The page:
At least that way, something happened. No matter how drunken, premature, or too-far it was, each can turn it into some sort of meaningful, cinematic moment in their heads, a rite of passage, a closing of the book on that guy or girl who might have been the one. . .

    That’s how it seemed to me, anyway.

  2. I’m very glad for this article, even though I was ready to stop at “blah, blah, blah” initially. Your theory seems very plausible – and to provide another argument for rootedness and community. (The saints and monastics argue for rootedness, too. I don’t expect to be a snow bird in retirement.)

    But may I offer another theory alongside yours (i.e., don’t try to stop me)? That relationships are transient is only half the story. Why are those transient relationships sexual? I have long (like 40 years) thought that our seeming expectation that you’re not ready to marry until after your Masters or PhD, combined with a lowering of the onset of sexual maturation, is a really good formula for inciting oodles of premarital sex.

    That theory fits less neatly into a rootedness/community model of human thriving, except that there’s some correlation between the expectations of advanced education and transience. I’d venture a guess that there’s less hooking up among the “Shop Class as Soulcraft” set.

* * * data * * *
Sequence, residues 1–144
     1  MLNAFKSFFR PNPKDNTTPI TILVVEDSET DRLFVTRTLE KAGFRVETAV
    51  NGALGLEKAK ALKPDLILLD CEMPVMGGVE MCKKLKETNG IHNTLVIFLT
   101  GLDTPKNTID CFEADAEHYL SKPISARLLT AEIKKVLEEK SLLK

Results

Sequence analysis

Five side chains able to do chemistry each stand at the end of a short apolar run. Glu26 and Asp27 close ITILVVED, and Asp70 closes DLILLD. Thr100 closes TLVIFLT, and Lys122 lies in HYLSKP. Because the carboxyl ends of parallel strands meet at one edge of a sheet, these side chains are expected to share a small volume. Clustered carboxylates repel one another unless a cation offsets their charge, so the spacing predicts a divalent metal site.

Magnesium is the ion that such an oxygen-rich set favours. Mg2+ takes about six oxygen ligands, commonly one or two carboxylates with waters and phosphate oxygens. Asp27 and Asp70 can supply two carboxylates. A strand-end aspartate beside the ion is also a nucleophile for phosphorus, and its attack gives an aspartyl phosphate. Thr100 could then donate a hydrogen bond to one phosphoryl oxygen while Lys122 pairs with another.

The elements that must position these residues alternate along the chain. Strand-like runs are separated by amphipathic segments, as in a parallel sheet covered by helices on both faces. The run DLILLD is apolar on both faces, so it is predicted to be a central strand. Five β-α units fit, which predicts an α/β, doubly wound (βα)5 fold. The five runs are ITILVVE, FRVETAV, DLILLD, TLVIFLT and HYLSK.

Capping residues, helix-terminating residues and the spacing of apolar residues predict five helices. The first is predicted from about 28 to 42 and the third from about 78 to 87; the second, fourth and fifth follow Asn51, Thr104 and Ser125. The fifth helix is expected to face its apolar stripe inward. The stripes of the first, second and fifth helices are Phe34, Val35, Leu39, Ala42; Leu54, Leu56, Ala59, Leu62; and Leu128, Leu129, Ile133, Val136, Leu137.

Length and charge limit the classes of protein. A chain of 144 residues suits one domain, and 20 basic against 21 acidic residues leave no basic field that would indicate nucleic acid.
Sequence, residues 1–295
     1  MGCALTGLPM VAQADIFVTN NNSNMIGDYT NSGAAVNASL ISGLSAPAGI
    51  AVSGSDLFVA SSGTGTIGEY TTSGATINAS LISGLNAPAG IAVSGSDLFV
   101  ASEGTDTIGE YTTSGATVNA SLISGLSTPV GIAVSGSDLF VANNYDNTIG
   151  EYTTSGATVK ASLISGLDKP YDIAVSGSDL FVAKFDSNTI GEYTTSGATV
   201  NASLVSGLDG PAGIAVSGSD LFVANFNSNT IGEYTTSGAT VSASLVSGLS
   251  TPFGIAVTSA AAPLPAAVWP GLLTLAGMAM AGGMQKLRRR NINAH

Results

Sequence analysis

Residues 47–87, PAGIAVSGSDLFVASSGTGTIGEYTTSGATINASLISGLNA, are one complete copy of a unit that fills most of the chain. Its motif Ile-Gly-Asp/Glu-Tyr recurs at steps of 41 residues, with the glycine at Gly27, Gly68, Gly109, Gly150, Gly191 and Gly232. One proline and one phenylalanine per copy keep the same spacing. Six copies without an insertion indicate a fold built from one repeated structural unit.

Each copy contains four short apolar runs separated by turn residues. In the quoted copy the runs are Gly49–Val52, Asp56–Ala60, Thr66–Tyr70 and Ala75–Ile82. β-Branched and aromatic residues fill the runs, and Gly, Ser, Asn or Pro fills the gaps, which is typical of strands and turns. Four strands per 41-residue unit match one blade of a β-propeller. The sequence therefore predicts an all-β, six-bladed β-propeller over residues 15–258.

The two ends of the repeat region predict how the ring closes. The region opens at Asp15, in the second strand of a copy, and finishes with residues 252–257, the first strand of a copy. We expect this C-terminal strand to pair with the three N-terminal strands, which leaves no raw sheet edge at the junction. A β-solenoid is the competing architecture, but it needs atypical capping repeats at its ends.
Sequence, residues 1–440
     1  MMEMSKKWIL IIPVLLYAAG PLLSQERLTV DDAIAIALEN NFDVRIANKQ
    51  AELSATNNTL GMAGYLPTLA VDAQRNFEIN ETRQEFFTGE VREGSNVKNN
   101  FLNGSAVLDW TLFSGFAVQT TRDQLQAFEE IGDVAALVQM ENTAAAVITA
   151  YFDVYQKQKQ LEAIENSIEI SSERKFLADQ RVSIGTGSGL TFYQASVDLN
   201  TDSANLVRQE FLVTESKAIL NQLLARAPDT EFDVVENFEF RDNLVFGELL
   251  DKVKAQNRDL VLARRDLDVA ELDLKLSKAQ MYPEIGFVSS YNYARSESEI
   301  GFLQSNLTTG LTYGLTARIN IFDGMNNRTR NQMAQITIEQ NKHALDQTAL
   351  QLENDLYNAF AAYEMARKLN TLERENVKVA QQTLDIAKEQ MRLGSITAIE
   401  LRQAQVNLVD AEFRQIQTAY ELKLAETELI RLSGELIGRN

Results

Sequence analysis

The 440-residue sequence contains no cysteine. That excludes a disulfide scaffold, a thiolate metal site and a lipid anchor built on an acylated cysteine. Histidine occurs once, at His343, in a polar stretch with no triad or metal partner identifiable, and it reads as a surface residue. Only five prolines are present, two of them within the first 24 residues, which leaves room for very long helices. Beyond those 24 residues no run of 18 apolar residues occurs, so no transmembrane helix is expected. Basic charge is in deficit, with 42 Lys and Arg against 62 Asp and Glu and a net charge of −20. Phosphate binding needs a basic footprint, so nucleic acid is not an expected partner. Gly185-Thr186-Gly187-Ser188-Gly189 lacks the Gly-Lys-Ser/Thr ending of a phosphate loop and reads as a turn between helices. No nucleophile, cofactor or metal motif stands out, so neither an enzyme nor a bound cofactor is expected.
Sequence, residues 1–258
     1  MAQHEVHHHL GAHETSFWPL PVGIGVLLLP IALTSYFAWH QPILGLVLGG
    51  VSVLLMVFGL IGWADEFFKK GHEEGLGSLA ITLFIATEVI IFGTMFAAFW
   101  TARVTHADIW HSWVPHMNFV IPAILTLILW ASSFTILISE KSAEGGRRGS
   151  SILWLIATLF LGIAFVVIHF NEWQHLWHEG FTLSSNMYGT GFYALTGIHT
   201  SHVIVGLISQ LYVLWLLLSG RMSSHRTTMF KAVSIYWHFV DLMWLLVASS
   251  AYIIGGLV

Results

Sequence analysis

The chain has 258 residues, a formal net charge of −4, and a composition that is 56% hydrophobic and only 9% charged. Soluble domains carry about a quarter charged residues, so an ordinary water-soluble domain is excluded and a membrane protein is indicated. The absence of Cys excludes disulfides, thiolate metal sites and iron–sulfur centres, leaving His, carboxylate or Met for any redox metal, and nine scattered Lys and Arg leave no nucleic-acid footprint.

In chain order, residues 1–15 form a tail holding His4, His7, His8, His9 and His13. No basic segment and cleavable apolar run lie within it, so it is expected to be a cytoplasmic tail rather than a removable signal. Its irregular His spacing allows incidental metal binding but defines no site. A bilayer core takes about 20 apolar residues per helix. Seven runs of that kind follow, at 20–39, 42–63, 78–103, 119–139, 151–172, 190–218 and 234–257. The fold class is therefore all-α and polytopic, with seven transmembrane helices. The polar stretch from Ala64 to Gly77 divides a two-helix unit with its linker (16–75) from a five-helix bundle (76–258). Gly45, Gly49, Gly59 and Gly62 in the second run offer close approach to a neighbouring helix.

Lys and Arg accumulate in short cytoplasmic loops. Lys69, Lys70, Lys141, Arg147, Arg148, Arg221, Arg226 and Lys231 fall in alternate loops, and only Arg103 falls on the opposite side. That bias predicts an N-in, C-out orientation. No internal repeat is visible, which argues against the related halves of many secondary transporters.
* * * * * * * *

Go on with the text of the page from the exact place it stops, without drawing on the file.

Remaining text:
3. Thanks for this insightful article, Susan. I am a 21 year old man who was suckered into this very hookup culture myself, albeit only when I was in high school. But, believe me, it starts very young. By the time I reached college I was so disgusted with the state of relationships I passionately opposed the hook up culture every chance I got. Being a Philosophy major, I once had to construct an argument for an Ethics class and successfully defend it in front of the other students. For this project, I crafted a well argued position against the hookup culture and for a return to human decency in sexual relations. I expected to be booed, attacked, and shouted down. Something amazing happened instead. I received a standing ovation. Several of the female members of the class just stared at me wide eyed. The positive response blew me away. So I believe that despite hooking up being in vogue, the suffering it causes is widespread and many young people are hungry for authentic relationships but have no direction as to how to achieve them.